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NEW APPROACH TO TREATING LEUKEMIA/LYMPHOMA EARNS NCI'S WALDMANN BRISTOL-MYERS SQUIBB AWARD FOR ACHIEVEMENT IN CANCER RESEARCH

NEW APPROACH TO TREATING LEUKEMIA/LYMPHOMA EARNS NCI'S WALDMANN
 BRISTOL-MYERS SQUIBB AWARD FOR ACHIEVEMENT IN CANCER RESEARCH
 /ADVANCE/ NEW YORK, April 9 /PRNewswire/ -- Thomas A. Waldmann, M.D., of the National Institutes of Health (NIH) in Bethesda, Md., today received the 15th Bristol-Myers Squibb Award for Distinguished Achievement in Cancer Research. The annual prize, which consists of $50,000 and a silver medallion, was presented at a luncheon in New York.
 The award recognizes Waldmann for his pioneering studies of the immune system that have led to promising new ways to use monoclonal antibodies to treat leukemias, lymphomas, and autoimmune diseases, and to prevent organ and bone marrow transplant rejection. Waldmann, chief of the Metabolism Branch of the National Cancer Institute (NCI), was selected for the award by an independent panel of leading cancer researchers.
 NCI Director Dr. Samuel Broder, who nominated Waldmann, described him as "a brilliant scientist who is internationally known for the major role he has played in bridging the gap between molecular biology and the patient." This opinion is echoed by 1991 Nobel Laureate Dr. E. Donnall Thomas, who called Waldmann "an outstanding clinician/scientist."
 During his 35-year career, Waldmann has made many important contributions to understanding the immune system. His landmark discovery in the 1970s that immune responses can be actively suppressed by certain immune cells revolutionized the way people think about the causes of immune diseases.
 "One of Waldmann's most crucial contributions has been his recognition that the receptor for the IL-2 growth factor that controls the growth and differentiation of immune system T-cells can be used for treatment of a variety of immune diseases," said Broder.
 This insight has led to a promising new treatment, currently in clinical trials, for the universally and speedily fatal adult T-cell leukemia, which is associated with HTLV-1. Of particular importance in these trials is Waldmann's ability to extend the survival of patients with adult T-cell leukemia. Patients with a life expectancy of no more than 20 weeks have, in some instances, been able to survive more than two years.
 Immune system cells, called T-cells, recognize specific invaders such as viruses or grafts through cell surface molecules called T- cell receptors. Waldmann observed that normal resting T-cells do not display receptors for interleukin-2 (IL-2), the protein that the cells need to grow. This is unlike activated T-cells found in certain leukemias and lymphomas and on T-cells of patients with auto immune diseases or organ transplants.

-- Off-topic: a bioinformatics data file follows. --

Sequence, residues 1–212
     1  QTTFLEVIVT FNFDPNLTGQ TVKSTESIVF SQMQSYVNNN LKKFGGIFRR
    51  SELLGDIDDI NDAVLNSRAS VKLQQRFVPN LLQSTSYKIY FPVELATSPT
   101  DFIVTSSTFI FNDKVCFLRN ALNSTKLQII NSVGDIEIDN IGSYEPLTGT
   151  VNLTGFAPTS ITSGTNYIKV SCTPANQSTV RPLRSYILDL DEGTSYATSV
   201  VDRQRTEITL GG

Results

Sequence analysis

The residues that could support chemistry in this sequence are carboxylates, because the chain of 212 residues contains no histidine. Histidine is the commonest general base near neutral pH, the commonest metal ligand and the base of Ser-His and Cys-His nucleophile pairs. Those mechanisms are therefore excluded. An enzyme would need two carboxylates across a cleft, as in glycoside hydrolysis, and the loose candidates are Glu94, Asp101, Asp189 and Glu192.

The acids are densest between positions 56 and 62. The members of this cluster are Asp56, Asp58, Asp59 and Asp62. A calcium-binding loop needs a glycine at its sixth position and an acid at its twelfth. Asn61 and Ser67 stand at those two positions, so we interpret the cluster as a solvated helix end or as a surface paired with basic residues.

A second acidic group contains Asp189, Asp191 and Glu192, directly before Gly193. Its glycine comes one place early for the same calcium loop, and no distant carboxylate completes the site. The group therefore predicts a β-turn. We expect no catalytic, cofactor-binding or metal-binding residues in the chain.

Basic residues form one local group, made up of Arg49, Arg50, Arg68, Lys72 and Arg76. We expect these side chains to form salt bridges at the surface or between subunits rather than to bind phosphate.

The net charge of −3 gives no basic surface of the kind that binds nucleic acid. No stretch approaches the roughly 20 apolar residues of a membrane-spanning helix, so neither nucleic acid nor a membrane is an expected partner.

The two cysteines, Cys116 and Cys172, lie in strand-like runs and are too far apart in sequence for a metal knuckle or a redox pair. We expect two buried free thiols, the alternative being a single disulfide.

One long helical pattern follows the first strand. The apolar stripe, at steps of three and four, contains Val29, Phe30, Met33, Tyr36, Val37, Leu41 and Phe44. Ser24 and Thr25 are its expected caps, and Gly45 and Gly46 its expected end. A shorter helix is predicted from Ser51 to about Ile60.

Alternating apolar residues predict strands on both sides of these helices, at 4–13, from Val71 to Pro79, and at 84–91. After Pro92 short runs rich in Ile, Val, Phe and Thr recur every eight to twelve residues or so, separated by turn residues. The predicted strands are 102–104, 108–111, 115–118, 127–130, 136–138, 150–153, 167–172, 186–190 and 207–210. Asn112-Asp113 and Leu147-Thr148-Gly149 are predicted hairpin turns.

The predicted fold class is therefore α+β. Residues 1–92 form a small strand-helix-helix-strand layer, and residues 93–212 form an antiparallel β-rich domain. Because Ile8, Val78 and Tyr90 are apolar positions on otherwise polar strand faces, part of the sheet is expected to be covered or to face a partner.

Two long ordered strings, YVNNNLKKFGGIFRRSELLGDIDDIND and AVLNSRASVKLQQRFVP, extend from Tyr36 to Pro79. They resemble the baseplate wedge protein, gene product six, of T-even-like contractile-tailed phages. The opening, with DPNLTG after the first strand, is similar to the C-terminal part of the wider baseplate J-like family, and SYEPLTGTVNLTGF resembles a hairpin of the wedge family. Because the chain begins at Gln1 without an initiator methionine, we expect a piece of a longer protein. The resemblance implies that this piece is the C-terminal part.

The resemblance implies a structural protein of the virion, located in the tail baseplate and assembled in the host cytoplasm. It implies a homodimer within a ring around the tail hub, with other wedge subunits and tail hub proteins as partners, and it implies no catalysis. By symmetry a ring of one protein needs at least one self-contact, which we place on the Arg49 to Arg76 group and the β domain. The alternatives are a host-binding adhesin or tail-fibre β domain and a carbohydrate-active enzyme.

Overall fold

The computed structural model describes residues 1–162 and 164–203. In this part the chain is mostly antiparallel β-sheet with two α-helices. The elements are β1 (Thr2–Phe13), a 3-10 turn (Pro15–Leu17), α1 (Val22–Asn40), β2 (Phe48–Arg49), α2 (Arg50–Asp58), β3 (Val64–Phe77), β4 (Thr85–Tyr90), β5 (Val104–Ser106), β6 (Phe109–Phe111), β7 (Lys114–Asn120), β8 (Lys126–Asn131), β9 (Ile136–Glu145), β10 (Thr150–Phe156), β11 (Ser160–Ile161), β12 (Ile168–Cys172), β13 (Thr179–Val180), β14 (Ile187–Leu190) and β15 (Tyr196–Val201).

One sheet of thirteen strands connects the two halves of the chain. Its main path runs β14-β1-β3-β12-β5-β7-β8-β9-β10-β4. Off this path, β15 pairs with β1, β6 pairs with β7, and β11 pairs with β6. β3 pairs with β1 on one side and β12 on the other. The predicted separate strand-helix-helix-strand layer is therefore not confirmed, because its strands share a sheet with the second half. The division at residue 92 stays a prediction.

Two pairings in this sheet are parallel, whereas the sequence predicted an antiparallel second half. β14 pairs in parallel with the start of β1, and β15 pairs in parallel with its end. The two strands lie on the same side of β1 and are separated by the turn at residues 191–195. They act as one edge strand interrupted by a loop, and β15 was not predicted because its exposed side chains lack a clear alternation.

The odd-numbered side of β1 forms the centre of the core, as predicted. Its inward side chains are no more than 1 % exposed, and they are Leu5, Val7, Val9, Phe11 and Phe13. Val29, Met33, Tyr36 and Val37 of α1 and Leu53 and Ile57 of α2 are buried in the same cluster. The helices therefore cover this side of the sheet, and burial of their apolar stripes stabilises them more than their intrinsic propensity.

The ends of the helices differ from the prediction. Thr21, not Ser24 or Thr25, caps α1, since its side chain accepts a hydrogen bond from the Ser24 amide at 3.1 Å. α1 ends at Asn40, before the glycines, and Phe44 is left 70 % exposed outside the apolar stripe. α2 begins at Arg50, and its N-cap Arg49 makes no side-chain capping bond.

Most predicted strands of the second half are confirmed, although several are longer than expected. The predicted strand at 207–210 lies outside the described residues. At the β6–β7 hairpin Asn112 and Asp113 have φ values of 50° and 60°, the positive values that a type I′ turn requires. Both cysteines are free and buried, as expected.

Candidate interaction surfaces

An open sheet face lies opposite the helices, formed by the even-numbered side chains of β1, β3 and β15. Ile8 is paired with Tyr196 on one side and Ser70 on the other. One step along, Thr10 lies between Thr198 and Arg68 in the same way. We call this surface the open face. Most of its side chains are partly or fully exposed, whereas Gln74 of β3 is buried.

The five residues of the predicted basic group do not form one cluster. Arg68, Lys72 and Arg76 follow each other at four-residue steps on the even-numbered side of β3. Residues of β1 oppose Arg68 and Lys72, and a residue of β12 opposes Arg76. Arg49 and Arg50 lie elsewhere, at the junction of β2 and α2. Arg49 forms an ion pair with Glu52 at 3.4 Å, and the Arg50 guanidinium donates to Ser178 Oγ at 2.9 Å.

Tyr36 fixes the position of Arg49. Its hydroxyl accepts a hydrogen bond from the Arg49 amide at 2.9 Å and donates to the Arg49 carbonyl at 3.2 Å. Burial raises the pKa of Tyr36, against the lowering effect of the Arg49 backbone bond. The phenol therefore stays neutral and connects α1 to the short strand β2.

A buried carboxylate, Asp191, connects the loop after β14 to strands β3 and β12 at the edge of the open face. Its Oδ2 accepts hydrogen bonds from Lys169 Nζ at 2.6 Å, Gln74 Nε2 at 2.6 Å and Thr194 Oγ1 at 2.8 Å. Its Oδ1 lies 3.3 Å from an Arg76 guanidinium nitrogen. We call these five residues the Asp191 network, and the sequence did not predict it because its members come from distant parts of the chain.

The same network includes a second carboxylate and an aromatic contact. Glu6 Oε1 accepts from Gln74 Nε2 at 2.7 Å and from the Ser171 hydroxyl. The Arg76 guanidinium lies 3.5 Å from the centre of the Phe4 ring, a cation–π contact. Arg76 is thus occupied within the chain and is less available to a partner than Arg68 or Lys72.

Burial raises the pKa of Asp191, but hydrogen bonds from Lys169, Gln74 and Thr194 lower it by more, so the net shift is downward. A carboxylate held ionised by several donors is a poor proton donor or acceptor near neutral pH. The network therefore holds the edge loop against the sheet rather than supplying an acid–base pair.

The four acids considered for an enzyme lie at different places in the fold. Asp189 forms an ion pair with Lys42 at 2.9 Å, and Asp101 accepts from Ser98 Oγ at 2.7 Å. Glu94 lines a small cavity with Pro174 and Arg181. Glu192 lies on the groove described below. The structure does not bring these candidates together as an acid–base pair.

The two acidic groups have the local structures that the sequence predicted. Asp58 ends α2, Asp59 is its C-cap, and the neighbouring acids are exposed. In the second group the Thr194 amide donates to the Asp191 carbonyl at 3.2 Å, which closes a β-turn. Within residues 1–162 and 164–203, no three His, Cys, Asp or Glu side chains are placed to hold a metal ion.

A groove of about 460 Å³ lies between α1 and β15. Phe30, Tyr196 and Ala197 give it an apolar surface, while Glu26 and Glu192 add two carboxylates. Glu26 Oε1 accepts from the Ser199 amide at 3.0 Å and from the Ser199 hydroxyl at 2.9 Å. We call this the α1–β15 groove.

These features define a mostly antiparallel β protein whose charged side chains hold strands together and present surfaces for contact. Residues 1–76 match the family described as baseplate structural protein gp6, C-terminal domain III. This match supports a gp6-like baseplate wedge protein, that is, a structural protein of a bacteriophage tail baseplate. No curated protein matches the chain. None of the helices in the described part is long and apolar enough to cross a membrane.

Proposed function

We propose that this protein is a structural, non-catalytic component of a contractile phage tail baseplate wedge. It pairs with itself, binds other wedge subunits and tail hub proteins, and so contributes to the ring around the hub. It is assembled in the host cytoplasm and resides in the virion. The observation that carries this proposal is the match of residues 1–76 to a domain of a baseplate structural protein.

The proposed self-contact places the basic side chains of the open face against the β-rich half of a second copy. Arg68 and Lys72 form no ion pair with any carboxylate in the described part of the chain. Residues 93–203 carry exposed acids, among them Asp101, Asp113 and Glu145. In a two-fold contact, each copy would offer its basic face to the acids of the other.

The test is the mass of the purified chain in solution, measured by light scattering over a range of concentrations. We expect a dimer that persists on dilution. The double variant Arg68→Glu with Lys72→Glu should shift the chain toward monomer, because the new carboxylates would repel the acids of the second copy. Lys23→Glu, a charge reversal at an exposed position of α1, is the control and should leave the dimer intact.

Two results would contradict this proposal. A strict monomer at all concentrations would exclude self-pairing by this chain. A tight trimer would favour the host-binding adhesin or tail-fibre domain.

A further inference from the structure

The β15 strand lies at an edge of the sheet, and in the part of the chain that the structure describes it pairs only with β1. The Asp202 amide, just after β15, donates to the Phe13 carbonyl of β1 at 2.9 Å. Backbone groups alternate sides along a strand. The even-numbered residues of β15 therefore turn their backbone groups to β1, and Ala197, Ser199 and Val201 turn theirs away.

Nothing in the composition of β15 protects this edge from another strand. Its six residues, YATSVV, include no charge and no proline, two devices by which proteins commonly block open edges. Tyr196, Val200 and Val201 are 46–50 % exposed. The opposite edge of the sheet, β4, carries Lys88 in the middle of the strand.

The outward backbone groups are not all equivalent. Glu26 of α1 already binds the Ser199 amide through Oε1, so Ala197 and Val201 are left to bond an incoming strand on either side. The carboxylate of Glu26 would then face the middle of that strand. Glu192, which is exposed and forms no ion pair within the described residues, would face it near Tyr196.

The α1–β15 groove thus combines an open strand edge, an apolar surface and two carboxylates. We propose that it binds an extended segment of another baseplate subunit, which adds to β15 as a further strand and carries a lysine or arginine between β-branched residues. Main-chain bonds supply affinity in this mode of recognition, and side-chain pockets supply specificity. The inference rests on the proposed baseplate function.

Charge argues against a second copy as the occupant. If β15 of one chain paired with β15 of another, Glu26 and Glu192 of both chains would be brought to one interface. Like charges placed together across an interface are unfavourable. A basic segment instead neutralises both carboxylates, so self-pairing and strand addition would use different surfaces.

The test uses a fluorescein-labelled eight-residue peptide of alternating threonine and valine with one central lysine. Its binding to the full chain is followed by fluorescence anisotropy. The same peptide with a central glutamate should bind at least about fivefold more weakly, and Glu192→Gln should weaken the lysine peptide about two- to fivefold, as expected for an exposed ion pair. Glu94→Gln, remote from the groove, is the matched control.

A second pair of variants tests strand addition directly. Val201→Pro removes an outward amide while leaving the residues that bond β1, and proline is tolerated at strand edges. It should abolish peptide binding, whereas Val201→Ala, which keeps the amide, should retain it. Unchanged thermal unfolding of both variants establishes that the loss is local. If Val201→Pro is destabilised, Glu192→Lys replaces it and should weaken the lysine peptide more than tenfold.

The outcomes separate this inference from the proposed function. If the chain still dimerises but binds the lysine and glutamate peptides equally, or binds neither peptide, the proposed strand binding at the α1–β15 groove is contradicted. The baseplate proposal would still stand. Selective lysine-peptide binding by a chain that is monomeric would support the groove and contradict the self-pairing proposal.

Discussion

Improved Monoclonal Antibodies
 Waldmann reasoned that a monoclonal antibody (Mab) could be used to disable the IL-2 receptor of leukemia cells and T-cells of other diseases. Mabs are laboratory-produced versions of antibodies the body produces to fight off foreign invaders. Without a functioning receptor, the cell would be deprived of the protein necessary to survive and grow.
 Moving the process from the laboratory to the patient, he prepared a Mab called anti-Tac (T-cell activated) that homes in on the activated T-cell and blocks the IL-2 from binding with its receptor, thus starving the cell. The first anti-Tac Mabs Waldmann prepared were from mice. However, there were a number of problems. Not only did the Mabs lack adequate killing power, they were destroyed by the patient's immune response to them. "They acted like guided missiles without a payload," said Waldmann.
 In a major achievement, Waldmann used genetic engineering techniques to substitute human components for mouse components in the anti-Tac Mab in order to counter the immune response to the antibody. While these humanized Mabs were less likely to be rejected by the immune system, they still lacked adequate killing power.
 To overcome this problem, he used the Mabs as messengers to deliver a modified toxin, developed by Dr. Ira Pastan of the NCI, directly to cancer cell receptors. More recently Waldmann has armed the Mabs with radioactive isotopes to deliver lethal blows to leukemia cells while leaving the normal cells unscathed. "This should add significantly to their effectiveness, especially in a disease like cancer, where it is essential that you kill every malignant cell," said Waldmann.